Men have traditionally regarded long straight hair as beautiful. Women traditionally used tortoise-shell combs to keep their hair in place. Hats and headdresses are generally not worn. Women sometimes drape part of their sari over their head. Up until around beginning of the 20th century, low caste women were required to go topless.

People often bathe three times a day because of the heat. Many people bath in their own private wells. Rural Sri Lankans are very good at bathing in streams and rivers without removing their clothes. When Sinhalese women take a bath they pour a certain number of buckets over their head for luck and a certain number for health.

Bathing is an element of many Sri Lanka rituals and holidays. Those who attend a funeral are expected a bath to rid themselves of the pollution of death. During Dival (Deepavali), the Hindu festival of lights, Hindus purify themselves with an oil bath.

Water is the most essential thing in a village. Each household has a well dug in the garden. Sometimes there would be a common well used for both bathing and taking water for drinking purpose. Usually the womenfolk bathe in the well while men prefer to take a dip in a nearby stream. The well became the meeting place for women where village gossip is discussed. [Source: Sunday Times, Virtual Library Sri Lanka ]

Saturday is deemed to be the most suitable day for bathing and is said to bring happiness. Bathing on Sundays is said to spoil the bather’s appearance; bathing on Monday improves it; Tuesday - brings on disease, and Wednesday riches; Thursday - creates quarrels and if one bathes on Fridays his children will die. [Source: M. B. Dassanayake]

New Year Bath in Sri Lanka

Sybil Wettasinghe wrote: “The first bath for the New Year had to be taken at an auspicious time as well. For this a special herbal oil was brought from the temple. An elderly man anointed this oil on the heads of other with blessings for long life. Then they took the first bath in the New Year, usually two days after the dawn of the New Year. [Source: Sybil Wettasinghe, Virtual Library Sri Lanka ]

Dr. Upali Pilapitiya wrote: “The customary bathing for the passing year is equally important facet. Herbal bath gives physical purification. When one takes a herbal bath over the entire body, anointed with gingelly oil or mustard oil that provides a soothing effect for the body. Herbal baths are prescribed in Vedas too. [Source: Dr. Upali Pilapitiya, Virtual Library Sri Lanka ]

“For this year, water mixed with the Juice of Bo leves is recommended. Body massage and herbal bath promotes blood circulation, and it is considered the best method of maintaining positive health. Herbal baths are prescribed as a method of treatment in many nervous disorders and diseases of the muscles and joints.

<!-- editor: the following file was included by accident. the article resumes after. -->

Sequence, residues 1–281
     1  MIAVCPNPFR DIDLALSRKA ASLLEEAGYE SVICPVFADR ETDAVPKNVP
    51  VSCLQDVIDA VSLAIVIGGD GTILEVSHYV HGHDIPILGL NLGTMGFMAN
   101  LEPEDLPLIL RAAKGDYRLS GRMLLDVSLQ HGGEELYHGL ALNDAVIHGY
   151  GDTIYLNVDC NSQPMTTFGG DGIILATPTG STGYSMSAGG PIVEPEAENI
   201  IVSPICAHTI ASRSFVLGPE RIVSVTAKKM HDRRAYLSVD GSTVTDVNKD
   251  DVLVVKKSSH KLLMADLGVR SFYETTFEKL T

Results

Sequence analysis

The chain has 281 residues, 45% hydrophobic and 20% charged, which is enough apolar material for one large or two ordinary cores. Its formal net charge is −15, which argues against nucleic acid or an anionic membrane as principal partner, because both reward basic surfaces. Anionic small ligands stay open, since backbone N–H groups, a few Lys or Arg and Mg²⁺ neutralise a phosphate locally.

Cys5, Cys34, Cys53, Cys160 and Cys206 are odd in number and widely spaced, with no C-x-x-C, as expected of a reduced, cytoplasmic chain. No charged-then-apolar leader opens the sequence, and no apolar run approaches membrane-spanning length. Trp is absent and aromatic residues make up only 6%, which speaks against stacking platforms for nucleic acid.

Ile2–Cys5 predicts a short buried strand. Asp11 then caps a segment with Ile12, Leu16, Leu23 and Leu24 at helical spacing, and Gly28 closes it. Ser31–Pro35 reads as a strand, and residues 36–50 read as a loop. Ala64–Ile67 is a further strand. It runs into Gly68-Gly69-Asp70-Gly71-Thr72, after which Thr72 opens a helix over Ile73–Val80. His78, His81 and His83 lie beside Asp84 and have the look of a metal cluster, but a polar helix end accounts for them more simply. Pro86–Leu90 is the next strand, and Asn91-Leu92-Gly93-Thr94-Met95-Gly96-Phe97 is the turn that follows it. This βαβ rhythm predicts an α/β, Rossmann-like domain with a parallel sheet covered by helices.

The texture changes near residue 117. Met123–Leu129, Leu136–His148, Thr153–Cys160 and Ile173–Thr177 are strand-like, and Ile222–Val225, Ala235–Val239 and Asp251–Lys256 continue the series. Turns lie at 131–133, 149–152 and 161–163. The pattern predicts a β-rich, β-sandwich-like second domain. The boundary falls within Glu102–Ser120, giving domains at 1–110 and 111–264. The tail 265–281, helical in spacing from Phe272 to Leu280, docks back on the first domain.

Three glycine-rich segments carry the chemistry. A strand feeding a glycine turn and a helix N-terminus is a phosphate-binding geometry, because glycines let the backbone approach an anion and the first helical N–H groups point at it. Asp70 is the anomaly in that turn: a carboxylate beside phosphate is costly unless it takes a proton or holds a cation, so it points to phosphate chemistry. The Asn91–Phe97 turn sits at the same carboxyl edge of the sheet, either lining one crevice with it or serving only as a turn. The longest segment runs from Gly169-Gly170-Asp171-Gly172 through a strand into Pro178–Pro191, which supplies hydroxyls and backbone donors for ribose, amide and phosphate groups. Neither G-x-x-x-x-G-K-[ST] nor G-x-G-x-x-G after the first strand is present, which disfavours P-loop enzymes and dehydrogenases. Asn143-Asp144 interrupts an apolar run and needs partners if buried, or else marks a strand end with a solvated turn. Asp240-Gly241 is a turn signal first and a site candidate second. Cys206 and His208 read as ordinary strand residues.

“Anointing of the head with Nanu (medicated shampoo) and oil is described in Ayurveda as a way of promoting health, specially massaging the scalp with oil and cleaning the head with medicated decoction known as Nanu. It promotes the growth of hair. It improves a sound sleep and balances the body humours. These rituals and New Year custom are healthy. Therefore they should be incorporated in our daily life for greater progress and prosperity. [Source: Dr. Upali Pilapitiya, Virtual Library Sri Lanka ]

Diyareddha — the Sri Lankan “Water Cloth – Sexier Than a Bikini?

Diyareddha literally means "Water Cloth " or cloth used for bathing. According to The Island: The Diyareddha still remains the sexiest bathing costume for women because when it gets really soaked in water, it becomes a second skin on the wearer and clings to her body. Thus it very clearly outlines the curvaceous contours of the female torso while not displaying a completely exposed vision to the eyes of the beholder. [Source: Satyn]

The Diyareddha is the most widely used bathing costume by women of Asian countries including Sri Lanka. It is a piece of cloth similar to a sarong. The sarong has its two ends sewn together and men generally wear it. While the women wear it without its two ends been sewn together. The majority of the women in Asia when bathing outdoors at a river, a hillside water sprout, a well or at the community tap convert the cloth they wear waist downwards (a jacket is worn on the upper portion of their body), into a Diyareddha. This is easily done by simply hosting the cloth from round their waist to a level just above their breasts and tying it at that position. Diyareddha literally means "Water Cloth " or cloth used for bathing.

It is an accepted fact by both men and women that the Diyareddha is sexier than any other bathing costume designed in the West, including the briefest of bikinis. When the female form is completely exposed it could be beautiful but not sexy. When it is partially covered it becomes both beautiful and sexy. The reason for this phenomenon is obvious. The unexposed areas introduce an element of mystery and leave it to the imagination of the observer to complete the picture. In the West bathing costumes for females were first designed in the 19th century both in America and Great Britain during the Victorian Era. These costumes covered the wearer from her neck to her ankles. Then gradually the hemlines began to grow shorter while the necklines began to plunge lower and lower, culminating in today’s itsy bitsy tiny weenie bikini. This left hardly anything to the imagination.

The Diyareddha on the other hand did not undergo any changes in centuries. Women of today who wear the Diyareddha wear it exactly in the same manner their ancestors did centuries ago. They tie it just above the swell of their breasts and the cloth reaches down their knees. The Diyareddha still remains the sexiest bathing costume for women because when it gets really soaked in water, it becomes a second skin on the wearer and clings to her body. Thus it very clearly outlines the curvaceous contours of the female torso while not displaying a completely exposed vision to the eyes of the beholder. Instead it tantalises the imagination of the observer by giving him revealing glimpses of the female form through the translucent wet cloth as different sections of it keeps clinging and unclinging to the body of the bather.